- In compliance with the CMS guidance, every individual, whether a visitor or long-term care professional, should be checked for COVID-19 symptoms, and body temperature. Emergency Medical Service (EMS) professionals who are responsible for addressing urgent medical needs can be exempted from this screening process as they are typically screened separately.
- Long-term care facilities should limit access points and make sure that all accessible entrances are guarded by a screening station.
- Also, every resident should be assessed for COVID-19 symptoms and have their body temperature checked daily.
- Besides, patients and residents who enter facilities should be thoroughly screened for COVID-19 symptoms through testing if available.
4. Long-term care professionals should make use of appropriate PPE when interacting with patients and residents.
As healthcare professionals are working during the pandemic, it’s essential to keep in mind that they are posed to greater risks. Although older people are more vulnerable, young professionals are not immune. According to reports, people who are 20-29 years of age are three times more likely to be infected and die from contracting the virus than seasonal influenza. Below are some of the protective clothing and personal protective accessories that long-term healthcare professionals should wear:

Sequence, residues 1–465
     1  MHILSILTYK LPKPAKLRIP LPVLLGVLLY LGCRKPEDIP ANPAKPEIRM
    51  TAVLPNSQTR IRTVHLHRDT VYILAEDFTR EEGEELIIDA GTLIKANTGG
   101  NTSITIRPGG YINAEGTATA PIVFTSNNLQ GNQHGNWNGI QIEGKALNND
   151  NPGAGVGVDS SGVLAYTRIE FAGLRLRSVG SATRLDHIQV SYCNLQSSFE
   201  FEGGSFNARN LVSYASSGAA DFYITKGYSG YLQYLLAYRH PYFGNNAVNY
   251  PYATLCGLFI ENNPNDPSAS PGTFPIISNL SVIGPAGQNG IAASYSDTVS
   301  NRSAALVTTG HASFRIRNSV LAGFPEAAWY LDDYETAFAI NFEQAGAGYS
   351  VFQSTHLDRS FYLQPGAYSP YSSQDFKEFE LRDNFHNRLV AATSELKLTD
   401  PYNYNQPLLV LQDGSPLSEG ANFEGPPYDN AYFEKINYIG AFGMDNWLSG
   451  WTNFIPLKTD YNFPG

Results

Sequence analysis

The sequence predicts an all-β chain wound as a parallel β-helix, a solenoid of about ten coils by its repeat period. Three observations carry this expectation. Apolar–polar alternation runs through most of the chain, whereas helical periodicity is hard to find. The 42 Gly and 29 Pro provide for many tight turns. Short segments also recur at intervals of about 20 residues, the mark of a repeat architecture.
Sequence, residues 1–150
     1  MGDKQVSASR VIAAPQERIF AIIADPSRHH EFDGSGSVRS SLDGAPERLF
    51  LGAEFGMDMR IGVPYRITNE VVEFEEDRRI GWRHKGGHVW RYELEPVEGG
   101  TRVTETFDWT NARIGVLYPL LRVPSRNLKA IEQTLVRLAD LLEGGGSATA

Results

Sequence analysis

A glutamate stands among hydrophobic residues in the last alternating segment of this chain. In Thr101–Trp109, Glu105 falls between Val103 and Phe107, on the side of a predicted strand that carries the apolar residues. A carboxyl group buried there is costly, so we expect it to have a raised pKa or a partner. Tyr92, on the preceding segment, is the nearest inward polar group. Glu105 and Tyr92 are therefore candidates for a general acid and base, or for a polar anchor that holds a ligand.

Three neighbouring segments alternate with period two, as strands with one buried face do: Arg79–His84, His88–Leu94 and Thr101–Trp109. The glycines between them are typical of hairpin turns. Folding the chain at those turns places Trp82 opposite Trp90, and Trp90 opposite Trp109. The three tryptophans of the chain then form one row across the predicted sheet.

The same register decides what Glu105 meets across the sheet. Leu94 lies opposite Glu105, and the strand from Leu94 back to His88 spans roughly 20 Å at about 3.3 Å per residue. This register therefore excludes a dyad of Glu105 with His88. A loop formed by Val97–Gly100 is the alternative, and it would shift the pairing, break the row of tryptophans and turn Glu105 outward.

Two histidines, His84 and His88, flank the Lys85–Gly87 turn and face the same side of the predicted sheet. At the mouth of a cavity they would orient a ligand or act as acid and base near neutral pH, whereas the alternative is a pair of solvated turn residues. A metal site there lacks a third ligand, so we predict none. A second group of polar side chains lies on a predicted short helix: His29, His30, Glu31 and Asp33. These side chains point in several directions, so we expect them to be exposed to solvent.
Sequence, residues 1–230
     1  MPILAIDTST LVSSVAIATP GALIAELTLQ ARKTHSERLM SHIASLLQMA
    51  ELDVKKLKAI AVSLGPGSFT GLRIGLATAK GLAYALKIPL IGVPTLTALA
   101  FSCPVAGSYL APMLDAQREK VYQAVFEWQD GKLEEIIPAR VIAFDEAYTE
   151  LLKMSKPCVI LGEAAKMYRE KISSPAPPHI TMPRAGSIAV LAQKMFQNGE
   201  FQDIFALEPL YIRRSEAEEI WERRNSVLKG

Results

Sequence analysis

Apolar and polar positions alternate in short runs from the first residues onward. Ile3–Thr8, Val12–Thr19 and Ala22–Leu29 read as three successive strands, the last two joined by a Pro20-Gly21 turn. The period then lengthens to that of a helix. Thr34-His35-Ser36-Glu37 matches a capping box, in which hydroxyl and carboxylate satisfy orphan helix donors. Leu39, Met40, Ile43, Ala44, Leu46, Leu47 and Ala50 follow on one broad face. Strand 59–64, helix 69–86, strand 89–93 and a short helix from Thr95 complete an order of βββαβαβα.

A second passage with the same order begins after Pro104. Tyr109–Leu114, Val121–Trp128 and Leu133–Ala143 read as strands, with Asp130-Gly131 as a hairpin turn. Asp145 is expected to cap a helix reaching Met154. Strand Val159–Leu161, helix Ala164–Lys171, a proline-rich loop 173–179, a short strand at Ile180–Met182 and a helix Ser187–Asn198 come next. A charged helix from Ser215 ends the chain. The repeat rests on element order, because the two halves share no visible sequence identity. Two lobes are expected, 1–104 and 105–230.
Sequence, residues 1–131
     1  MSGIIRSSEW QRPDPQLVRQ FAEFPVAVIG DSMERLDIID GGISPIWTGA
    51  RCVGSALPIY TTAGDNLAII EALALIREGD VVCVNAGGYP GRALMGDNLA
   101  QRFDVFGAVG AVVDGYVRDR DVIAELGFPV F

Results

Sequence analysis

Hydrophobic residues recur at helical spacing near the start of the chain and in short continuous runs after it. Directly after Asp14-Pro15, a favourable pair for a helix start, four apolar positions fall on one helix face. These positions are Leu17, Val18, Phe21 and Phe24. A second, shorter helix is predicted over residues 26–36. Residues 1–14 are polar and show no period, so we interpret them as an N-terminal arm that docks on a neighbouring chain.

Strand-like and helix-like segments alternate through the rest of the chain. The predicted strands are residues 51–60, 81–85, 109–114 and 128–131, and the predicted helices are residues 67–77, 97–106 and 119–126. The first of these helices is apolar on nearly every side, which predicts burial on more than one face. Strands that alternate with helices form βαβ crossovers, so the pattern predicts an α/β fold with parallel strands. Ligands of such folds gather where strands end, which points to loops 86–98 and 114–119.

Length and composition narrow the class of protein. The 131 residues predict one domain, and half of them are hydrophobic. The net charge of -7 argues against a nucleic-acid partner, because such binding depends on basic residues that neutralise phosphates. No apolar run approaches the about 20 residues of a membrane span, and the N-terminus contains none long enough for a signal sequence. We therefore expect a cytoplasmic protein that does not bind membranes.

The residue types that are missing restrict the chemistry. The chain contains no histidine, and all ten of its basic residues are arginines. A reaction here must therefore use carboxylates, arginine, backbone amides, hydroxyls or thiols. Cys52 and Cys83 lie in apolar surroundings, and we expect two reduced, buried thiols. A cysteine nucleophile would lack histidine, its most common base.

- Isolation Gowns – This type of medical protective clothing protects healthcare workers against fluid splatter and is one of the most recommended kinds of PPE worn when interacting in close proximity to infected patients. However, before buying isolation gowns, one must consult a professional PPE manufacturing company to buy appropriate and medical-grade PPE.
- Disposable Scrubs – These are ranked among industry-standard protective clothing and should be used when making wellness checks, administering medication, and other close-quarters interactions with long-term care facility residents.
- Disposable Gloves – The CDC strongly urges healthcare professionals to wear non-sterile disposable gloves whenever they enter a facility or private residence. Disposable gloves should be completely discarded immediately after use.
- Disposable Coveralls – Coveralls provide the most comprehensive protection against COVID-19 when used with disposable gloves and masks. Facilities should partner with local bulk PPE suppliers in USA to have a constant supply of PPE accessories for medical personnel, housekeeping, food preparation, and other service providers.
- N95 Respirators and Masks – The CDC strongly advises healthcare professionals to wear N95 respirators and surgical face masks to be worn at any place of known or suspected COVID-19 infection. Covering the nose and mouth completely is essential to prevent the spread of the pathogen in long-term settings.
5. Limiting the number of visitors at long-term facilities.
Long-term care facilities are advised to limit the number of visitors at a given time.
They should consider implementing the following visitor protocol to control the spread of COVID-19.
- Visitors should make advanced bookings to meet the patient.